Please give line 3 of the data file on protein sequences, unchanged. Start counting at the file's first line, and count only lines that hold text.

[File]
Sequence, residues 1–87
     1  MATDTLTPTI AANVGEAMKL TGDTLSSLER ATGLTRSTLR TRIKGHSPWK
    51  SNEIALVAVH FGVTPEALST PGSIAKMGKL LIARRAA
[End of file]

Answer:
    51  SNEIALVAVH FGVTPEALST PGSIAKMGKL LIARRAA